Remember, your heart is a muscle. It needs regular exercise to stay in shape.
Aerobic exercise, such as brisk walking, swimming, jogging or biking, gives your
heart the best workout. You can also use fitness equipment like exercise
bicycles, treadmills and ski machines when exercising indoors. Finding an
exercise partner may make it easier and safer for you to exercise often. You
should exercise at least 30 to 60 minutes, 4 to 6 times a week. Talk to your
doctor before starting an exercise program.
Eat a low-fat
diet. Keep fat
calories to 30% or less of the total calories you take in during a day and avoid
saturated fat (the fat in meats and coconut oil). Information is available to
help you make healthy choices. For example, food labels list nutrition
information, including fat calories, many cookbooks have heart-healthy recipes
and some restaurants serve low-fat dishes.
Take care of
you have diabetes, regular exercise, weight control, a low-fat diet and regular
doctor visits are important. If you need to take medicine for diabetes, be sure
to take it exactly as your doctor tells you to.
Be aware of chest
pain is not always caused by heart disease. Be sure to contact your doctor if
you suffer from pain in your chest, shoulder, neck or jaw. Also notify your
doctor if you experience shortness of breath or nausea that comes on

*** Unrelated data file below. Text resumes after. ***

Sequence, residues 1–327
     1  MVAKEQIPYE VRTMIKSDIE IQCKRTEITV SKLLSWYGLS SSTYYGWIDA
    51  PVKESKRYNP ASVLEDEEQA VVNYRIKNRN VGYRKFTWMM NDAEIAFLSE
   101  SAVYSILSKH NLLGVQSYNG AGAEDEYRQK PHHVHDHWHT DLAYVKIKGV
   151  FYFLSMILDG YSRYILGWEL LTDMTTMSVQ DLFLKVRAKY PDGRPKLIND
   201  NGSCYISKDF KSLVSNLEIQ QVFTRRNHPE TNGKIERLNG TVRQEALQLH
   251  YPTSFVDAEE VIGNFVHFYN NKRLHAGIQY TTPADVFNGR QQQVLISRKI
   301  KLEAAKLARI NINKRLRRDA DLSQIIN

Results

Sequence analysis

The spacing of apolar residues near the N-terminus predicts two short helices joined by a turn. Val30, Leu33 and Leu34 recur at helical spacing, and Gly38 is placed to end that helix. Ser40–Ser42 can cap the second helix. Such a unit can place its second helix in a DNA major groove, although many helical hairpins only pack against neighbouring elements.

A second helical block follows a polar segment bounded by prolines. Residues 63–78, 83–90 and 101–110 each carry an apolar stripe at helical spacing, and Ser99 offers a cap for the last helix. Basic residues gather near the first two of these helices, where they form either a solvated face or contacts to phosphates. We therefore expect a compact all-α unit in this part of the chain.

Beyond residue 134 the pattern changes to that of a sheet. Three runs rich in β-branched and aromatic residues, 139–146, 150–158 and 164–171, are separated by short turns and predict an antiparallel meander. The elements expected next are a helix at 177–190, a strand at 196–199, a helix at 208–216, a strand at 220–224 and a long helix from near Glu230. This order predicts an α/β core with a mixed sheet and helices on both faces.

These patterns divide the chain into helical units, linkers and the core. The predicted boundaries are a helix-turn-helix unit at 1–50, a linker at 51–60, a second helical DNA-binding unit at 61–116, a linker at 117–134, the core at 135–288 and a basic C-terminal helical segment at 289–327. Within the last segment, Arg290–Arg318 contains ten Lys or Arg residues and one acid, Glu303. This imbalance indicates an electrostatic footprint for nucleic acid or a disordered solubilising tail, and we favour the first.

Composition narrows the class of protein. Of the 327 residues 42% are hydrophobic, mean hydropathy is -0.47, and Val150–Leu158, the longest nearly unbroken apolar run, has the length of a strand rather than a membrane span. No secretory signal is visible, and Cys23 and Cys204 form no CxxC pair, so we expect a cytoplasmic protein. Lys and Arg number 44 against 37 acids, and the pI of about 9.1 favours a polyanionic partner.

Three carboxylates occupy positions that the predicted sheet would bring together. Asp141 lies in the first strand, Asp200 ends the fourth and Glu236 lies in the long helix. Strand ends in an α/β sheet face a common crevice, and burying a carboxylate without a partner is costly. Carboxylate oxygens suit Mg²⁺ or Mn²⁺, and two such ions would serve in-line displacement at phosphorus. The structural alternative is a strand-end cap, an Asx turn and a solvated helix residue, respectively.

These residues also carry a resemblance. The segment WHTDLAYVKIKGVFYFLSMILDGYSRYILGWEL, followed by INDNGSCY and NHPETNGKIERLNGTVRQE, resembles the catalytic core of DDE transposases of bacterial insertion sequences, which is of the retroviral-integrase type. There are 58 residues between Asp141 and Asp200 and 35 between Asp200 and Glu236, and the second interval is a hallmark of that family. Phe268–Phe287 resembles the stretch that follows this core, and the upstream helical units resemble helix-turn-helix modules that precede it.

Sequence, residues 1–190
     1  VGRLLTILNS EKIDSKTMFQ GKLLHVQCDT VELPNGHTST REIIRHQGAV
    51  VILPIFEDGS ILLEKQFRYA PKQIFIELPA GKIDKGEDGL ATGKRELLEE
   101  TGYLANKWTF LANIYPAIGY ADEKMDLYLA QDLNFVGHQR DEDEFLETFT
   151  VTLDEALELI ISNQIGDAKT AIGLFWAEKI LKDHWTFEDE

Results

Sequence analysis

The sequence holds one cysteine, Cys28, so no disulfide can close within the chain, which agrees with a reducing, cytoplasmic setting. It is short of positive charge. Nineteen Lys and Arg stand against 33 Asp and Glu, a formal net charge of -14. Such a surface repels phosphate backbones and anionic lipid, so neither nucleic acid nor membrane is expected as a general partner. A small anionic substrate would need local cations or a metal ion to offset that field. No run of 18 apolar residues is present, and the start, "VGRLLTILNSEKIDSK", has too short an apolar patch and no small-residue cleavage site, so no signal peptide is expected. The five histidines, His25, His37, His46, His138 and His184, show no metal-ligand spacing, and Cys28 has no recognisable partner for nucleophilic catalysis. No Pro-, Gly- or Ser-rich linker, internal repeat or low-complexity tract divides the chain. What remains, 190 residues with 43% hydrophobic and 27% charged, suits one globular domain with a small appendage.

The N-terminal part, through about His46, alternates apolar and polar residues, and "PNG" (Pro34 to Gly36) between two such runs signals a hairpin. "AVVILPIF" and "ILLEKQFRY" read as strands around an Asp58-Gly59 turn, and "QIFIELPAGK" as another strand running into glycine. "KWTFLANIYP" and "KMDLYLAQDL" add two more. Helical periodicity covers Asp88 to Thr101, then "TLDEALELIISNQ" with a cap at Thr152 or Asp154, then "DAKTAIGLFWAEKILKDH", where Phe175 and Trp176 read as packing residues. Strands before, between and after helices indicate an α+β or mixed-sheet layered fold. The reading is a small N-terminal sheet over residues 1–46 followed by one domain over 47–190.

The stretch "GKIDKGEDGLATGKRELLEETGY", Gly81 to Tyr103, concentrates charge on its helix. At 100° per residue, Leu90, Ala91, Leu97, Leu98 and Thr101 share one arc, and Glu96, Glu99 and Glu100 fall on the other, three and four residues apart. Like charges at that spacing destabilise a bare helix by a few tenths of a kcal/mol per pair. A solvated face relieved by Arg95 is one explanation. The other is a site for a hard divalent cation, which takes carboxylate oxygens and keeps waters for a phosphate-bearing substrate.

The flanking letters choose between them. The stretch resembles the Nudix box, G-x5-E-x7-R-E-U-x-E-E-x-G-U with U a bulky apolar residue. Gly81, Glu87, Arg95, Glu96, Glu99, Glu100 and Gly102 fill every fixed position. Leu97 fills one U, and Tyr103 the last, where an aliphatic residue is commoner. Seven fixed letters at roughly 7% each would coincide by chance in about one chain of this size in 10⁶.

Know your family
a father or brother with heart disease before age 55, or a mother or sister with
heart disease before age 65 are factors that contribute to heart disease. Inform
your doctor about your family history.
lower my risk of heart disease and heart attacks?
lower the risk of heart attacks in men. However, there is not enough evidence to
show that these medicines work as well in women who have never had a heart
attack. If you have already had a heart attack, cholesterol-lowering medicines
can lower your risk of another attack.
Taking an aspirin every day
may lower your risk of problems if you have coronary artery disease, a heart
attack or angina. Aspirin makes your blood thinner, so it is less likely to make
a blood clot. However, aspirin can cause gastrointestinal bleeding and other
problems. Talk to your doctor about your risk factors for heart disease and
whether you should consider taking aspirin.
Angina is chest pain caused by
a sudden decrease in the blood supply to the heart. Medicines called statins,
beta blockers and ACE inhibitors may also help if you have heart problems. Ask
your doctor if any of these medicines are right for you.
replacement therapy reduce my risk for heart disease?
No. Estrogen replacement
therapy, also called hormone replacement therapy, can help minimize the symptoms
of menopause (such as hot flashes) and to reduce the risk of osteoporosis
(weakening of the bones). It was once thought that HRT could also help protect
against heart disease. New studies have shown that when it comes to heart
health, HRT actually does more harm than good. If youíre taking HRT to help
prevent heart disease, talk to your doctor about whether you should